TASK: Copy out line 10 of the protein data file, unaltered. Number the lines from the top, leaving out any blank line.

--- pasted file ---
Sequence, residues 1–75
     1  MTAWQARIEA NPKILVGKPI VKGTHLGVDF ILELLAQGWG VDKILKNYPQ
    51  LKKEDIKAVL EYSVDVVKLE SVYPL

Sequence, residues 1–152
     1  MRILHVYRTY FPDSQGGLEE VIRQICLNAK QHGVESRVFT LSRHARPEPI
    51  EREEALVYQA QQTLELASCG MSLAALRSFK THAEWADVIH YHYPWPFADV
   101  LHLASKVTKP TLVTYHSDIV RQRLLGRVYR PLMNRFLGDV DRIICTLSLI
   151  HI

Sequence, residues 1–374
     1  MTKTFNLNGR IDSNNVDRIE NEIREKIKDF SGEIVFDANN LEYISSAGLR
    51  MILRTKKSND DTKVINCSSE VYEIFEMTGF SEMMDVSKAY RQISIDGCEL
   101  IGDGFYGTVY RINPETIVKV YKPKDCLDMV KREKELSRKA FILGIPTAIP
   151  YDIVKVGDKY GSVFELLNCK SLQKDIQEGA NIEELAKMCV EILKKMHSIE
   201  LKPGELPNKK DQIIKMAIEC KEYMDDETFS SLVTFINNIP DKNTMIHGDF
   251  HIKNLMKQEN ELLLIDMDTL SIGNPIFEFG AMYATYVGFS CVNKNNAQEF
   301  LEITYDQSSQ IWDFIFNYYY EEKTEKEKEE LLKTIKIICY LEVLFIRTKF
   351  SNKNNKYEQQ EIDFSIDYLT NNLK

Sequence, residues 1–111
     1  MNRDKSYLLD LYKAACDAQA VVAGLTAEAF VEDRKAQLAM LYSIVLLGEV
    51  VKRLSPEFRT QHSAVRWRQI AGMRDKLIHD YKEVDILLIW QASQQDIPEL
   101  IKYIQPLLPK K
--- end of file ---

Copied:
     1  MTKTFNLNGR IDSNNVDRIE NEIREKIKDF SGEIVFDANN LEYISSAGLR